Looking back on 2016….

I’ve always lived my life day by day, week by week, month by month. A pretty simple way of living but one that has served me well. Going in to 2016 I decided that I needed to inject a little something extra in to my life and this was going to be more adventure. You could almost say that this decision had made itself, thanks to a competition win with the outdoor brand Salewa, who 9 weeks in to 2016 would be taking me, my lovely wife and a group of like-minded Europeans on a two and half day guided snow-shoe trek through the Dolomites. The excitement that winning a place on this mini-adventure had instilled in me had prompted some reflection upon my own attempts at adventure during 2015 and I’d decided that whilst photography had been a great medium for getting me out in my beautiful Beacons regularly, it had also made me  lazy. I know that may sound quite strange, but before I picked up a camera, I was going much further and staying out longer. My outings had now become more about the making of a photograph and I had started to lose sight of why I went in to the hills in the first place.

Starting 2016 with this was exciting! Now ending it feeling like I’ve achieved this, is incredibly satisfying! From the first snow in January to the coldest night of the year in December, I have walked and wild-camped more this year than in any other and I have enjoyed every outing. The wild-camps haven’t always been comfortable. I think it’s fair to say that after my first few attempts this year I was left questioning why I was even bothering, with sleep being hard to come by and staying warm an achievement just out of my reach. But I am nothing if not enthusiastic and I stuck with it, acquiring the right skills, knowledge and equipment as I went. I was given a huge boost in April, when a new outdoor brand called OEX  saw something in my photographs and gave me their top of the range Cougar Evolution tent, a very kind gesture and one that has gone a long way to keeping me comfortable on my nights out in the Brecon Beacons and Snowdonian mountains. I guess quite fitting that in December I was camped by my favourite mountain lake on the coldest night of the year (-10°C reported a few hundred meters below in a nearby village)  and I am pleased to report that I slept like a log.

Llyn Y Fan Fawr

Llyn Y Fan Fawr wild camp

I have also pushed myself to branch out a little this last year. Our competition win with Salewa played a large role in this. 2 1/2 days of snow-shoeing through the gorgeous Dolomite’s was a first big mountain experience….


….which though exhausting, it did motivate me to seek out Wales’ own big mountain experiences, the rugged peaks of the Snowdonia. Previous visits here had resulted in the typical Snowdon summit and little else, as if there’s nothing more of note in Wales’ most epic national park.  I’ve not found as much time as I would’ve liked to head up north, though I have made sure each one counted and they’ve given me some of my most exciting mountain experiences,  with a heart pounding scramble up Tryfan’s north ridge and an awe-inspiring wild camp on Glyder Fach topping the list! odds (1 of 1)-5gyder fach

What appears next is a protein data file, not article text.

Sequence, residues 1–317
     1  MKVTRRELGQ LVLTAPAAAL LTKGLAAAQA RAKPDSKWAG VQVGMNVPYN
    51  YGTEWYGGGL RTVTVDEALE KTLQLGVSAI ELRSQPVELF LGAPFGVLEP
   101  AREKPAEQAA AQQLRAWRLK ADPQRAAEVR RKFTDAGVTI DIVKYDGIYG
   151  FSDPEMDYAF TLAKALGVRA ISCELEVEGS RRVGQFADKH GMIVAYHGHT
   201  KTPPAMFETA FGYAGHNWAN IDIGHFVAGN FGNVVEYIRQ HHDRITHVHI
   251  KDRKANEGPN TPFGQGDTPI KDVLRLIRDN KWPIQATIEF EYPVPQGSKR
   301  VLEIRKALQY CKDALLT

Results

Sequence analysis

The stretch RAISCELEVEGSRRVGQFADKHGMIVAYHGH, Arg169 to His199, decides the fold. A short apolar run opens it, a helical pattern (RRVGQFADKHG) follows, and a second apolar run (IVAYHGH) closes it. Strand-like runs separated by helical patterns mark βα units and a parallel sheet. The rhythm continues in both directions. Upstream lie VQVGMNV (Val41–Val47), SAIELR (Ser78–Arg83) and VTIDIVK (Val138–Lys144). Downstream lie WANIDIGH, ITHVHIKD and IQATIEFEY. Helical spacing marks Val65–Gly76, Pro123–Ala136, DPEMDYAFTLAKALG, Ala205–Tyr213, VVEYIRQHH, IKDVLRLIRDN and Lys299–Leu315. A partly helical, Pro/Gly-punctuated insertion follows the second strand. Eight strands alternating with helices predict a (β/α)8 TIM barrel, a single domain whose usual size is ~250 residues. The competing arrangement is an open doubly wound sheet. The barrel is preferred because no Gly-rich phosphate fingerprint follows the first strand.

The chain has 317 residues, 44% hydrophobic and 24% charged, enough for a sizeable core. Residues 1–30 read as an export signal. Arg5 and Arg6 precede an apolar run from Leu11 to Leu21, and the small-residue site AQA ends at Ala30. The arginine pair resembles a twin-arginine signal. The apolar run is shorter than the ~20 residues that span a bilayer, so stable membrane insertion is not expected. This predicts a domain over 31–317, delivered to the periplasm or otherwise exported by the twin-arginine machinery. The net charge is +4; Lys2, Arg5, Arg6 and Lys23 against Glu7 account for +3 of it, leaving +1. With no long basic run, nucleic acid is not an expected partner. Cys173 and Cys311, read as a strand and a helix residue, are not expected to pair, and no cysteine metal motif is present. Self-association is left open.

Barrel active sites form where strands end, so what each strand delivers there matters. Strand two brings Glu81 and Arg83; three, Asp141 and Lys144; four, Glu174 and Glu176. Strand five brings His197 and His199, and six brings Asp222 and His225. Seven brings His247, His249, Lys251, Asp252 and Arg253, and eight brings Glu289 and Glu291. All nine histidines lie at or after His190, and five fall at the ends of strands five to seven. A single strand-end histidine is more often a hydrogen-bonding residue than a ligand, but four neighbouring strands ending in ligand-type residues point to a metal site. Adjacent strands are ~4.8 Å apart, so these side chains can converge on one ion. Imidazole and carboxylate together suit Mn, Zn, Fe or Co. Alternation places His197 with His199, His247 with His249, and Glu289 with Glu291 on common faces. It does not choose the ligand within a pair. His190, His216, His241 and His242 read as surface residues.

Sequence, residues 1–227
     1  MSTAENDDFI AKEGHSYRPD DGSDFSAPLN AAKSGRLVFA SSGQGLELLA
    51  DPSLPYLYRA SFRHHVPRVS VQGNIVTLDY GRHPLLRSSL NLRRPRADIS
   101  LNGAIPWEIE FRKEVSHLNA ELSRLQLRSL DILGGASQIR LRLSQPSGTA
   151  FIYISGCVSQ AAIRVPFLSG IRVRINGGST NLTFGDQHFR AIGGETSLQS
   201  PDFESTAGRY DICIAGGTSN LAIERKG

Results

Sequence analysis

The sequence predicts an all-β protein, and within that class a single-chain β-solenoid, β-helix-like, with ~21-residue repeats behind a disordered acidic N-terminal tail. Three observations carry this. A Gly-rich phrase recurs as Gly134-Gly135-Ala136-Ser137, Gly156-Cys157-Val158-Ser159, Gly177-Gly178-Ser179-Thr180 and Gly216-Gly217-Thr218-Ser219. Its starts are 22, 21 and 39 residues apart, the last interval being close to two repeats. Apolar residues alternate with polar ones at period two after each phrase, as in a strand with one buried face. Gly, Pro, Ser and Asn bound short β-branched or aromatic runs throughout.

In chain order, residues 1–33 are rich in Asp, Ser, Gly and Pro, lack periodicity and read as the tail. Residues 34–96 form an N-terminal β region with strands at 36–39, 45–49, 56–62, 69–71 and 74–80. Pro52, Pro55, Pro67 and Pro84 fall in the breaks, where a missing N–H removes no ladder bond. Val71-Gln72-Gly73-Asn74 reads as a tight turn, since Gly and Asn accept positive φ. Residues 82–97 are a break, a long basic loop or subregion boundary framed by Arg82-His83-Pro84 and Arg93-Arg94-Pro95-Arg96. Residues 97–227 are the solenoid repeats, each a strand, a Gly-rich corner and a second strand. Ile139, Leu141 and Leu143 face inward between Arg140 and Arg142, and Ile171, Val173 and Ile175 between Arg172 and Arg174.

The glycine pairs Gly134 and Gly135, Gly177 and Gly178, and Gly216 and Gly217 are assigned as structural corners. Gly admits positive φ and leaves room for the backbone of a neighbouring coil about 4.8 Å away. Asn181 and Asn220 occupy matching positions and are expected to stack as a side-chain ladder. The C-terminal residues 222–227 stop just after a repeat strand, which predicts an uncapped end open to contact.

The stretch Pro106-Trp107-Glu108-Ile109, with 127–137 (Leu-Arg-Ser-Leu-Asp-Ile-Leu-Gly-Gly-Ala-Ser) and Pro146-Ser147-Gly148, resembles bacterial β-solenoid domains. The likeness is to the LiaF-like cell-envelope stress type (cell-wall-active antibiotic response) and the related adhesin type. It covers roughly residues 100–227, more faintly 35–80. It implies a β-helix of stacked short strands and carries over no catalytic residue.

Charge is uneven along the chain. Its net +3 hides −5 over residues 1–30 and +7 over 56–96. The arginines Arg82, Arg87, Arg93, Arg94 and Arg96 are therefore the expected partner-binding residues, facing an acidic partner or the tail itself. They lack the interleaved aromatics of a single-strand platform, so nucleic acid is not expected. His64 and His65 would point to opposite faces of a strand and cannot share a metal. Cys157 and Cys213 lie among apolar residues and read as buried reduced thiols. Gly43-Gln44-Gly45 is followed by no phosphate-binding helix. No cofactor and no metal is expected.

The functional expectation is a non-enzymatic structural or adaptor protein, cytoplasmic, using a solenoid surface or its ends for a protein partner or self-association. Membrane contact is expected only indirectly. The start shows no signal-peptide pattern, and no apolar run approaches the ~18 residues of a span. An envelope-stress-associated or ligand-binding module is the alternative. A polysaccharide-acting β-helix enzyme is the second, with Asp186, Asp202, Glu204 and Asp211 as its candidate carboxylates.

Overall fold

Glyder Fach Wild camp

Whether a result of the above or not, I can’t talk about 2016 without speaking about the effect the change in attitude and behaviour toward the outdoors has had on my photography. Not necessarily on the quality of photographs, as I feel this has been relatively consistent over the last 2 years, but certainly in the frequency and variety that I have been able to share and of the direct benefit this has brought, which has given some noteworthy reward – beginning the year with a commissioned piece in Outdoor Photography Magazine and ending it with my favourite yet, a huge piece on the Brecon Beacons in December’s issue of The Great Outdoors Magazine. The Great Outdoors have been very good to me this year,  with my photographs being commissioned for the “Escape” feature on several occasions.  I’ve also been interviewed for online promotions by both Outdoor Photography and Birchall Tea, plus had a commended image in Landscape Photographer of the Year 2016 and made it in to the years book, aswell as having a spot in the 10 year anniversary edition, all achievements that I am immensely proud of!

I suppose that leaves 2017 which I’ve already dubbed “My Year of Adventure”. A year I had hoped to start as one of The Ordnance Surveys #GetOutside champions, which sadly isn’t to be. But I will still be going in with a mentality and attitude that I hope will help to motivate, enthuse and encourage others to take advantage of the great outdoors. How that is going to look I am not quite sure, though writing more about my experiences will feature heavily. With exploits like hiking the Beacons Way, Icelands Laugavegur Trail,  wintry wild camps in Snowdonia and maybe an entry in to bike-packing, I hope to have lots to waffle on about!